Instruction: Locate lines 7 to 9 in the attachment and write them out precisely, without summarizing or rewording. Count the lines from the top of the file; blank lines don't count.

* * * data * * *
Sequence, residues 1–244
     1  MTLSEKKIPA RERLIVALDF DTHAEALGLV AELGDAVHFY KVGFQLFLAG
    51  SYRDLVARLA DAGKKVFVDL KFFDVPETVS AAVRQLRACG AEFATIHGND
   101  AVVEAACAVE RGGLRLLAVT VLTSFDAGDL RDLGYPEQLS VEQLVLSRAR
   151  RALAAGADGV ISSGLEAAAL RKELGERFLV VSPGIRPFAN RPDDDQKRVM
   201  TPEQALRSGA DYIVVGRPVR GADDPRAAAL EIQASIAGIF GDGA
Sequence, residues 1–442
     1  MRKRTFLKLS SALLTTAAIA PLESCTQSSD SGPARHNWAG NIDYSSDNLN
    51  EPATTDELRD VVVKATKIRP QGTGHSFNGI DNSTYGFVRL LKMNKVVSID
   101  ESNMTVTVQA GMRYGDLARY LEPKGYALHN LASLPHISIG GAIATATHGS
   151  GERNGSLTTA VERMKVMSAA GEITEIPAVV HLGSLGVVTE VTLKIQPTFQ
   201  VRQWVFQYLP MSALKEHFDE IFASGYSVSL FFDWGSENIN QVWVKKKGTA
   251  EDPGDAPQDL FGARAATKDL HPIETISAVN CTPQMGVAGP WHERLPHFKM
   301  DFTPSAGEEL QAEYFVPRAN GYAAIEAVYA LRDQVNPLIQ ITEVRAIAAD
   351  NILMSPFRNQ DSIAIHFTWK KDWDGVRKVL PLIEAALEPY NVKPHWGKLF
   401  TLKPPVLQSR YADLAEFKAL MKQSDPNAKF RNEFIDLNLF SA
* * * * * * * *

Sequence, residues 1–442
     1  MRKRTFLKLS SALLTTAAIA PLESCTQSSD SGPARHNWAG NIDYSSDNLN
    51  EPATTDELRD VVVKATKIRP QGTGHSFNGI DNSTYGFVRL LKMNKVVSID